I could think of more nice things to say about her (even more once I actually progress through the story/take her on a mission), but I guess I have to address this: why is Quiet dressed the way she is?  When I first heard the reasoning -- that she breathes through her skin -- I snorted and had to force back a laugh.  So basically, Quiet is a plant in human form; even if that made the slightest bit of sense, it’s still dumb.  Why wear see-through stockings if she needs maximum exposure just to survive?  Why does she only need to breathe and drink to live, given that plants need nutrients from soil?  What happens when she needs to go someplace chilly, or if the winter weather settles in?  I mean, I don’t want to imagine a human being wilting, but it’s a bit of a design flaw in this bona-fide super soldier.

Kojima and crew deserve respect for what they’ve done, but they overthought Quiet.  Their “justification” has long since been noted, but they didn’t have to go that far; they didn’t even have to say “because we wanted to put a sexy lady with minimal clothes in the game”.  You fight against her in Afghanistan, right?  And with desert environments all around, it has to be on the warm side, right?  Then all they had to do was say that she got hot during her mission -- acting as a sentry out in the Afghan heat -- and she took off her clothes.  Then when Snake and the gang take her in as a prisoner, she’s caged up before she gets a chance to suit up.  There.  Done.  Granted it wouldn’t explain away her need to show off bikini bottoms, but I’d imagine that she would’ve just taken off her shirt and worn more sensible pants (and she could roll the pants up to create makeshift shorts).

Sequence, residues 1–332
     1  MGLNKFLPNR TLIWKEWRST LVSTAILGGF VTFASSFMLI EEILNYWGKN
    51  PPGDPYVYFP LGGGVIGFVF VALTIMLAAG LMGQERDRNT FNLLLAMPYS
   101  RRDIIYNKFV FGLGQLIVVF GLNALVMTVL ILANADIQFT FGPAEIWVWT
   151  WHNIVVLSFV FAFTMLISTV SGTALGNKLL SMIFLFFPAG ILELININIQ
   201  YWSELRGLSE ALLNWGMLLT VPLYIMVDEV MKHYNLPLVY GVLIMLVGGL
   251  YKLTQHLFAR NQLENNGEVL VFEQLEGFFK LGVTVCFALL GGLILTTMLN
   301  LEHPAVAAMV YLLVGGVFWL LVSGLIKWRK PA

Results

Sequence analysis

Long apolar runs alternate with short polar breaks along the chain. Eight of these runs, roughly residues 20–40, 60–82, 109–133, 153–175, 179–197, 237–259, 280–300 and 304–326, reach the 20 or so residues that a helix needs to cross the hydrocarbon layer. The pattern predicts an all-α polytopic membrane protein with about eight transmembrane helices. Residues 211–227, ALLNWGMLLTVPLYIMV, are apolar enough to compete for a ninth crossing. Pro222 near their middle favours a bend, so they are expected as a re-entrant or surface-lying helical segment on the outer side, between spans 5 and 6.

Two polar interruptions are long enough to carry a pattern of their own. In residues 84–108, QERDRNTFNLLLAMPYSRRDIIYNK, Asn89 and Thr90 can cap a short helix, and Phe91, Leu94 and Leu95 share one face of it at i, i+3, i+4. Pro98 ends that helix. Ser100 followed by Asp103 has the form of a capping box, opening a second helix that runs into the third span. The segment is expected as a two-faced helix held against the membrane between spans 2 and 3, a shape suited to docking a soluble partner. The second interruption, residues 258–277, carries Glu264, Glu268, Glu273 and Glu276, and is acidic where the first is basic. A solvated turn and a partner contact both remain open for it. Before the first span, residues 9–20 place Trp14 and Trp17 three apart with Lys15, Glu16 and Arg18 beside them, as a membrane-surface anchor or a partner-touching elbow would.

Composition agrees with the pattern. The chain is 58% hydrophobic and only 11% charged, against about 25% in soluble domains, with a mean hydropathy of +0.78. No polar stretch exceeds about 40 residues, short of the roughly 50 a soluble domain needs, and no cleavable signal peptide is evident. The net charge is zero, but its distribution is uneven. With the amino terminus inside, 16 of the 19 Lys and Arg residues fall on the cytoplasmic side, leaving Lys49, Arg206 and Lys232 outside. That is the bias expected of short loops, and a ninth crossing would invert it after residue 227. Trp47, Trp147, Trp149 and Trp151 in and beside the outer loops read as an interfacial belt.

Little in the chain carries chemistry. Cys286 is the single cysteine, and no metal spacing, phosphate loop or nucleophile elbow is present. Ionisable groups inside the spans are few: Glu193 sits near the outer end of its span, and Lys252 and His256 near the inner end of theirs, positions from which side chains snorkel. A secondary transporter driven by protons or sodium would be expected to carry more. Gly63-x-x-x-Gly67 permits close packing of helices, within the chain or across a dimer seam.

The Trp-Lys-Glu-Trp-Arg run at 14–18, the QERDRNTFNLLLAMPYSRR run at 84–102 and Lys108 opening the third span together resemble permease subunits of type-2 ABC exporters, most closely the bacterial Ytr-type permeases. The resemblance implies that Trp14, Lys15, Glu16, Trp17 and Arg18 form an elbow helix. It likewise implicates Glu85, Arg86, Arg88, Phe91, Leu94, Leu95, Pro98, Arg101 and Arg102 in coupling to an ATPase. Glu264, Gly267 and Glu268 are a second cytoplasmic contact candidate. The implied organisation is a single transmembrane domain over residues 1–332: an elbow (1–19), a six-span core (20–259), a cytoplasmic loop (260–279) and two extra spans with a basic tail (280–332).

I don’t know everything there is to know about Quiet, but I wonder if more time would save her.  In terms of context?  There’s no in-universe reason for her to be dressed like that; that’s doubly the case, because they namecheck fellow photosynthetic sniper The End in the same breath.  Oh, but there’s an out-of-universe reason; if we’re cynical about things -- and we have every right to be -- then Quiet looks the way she does as a way to hyper-compensate for the lack of ladies in the game (though there are female recruits you can bring back to base).  Diamond Dogs is a boys’ club, and the only way they’ll let a g-g-g-g-girl stick around is if she looks good and provides…uh…quality entertainment.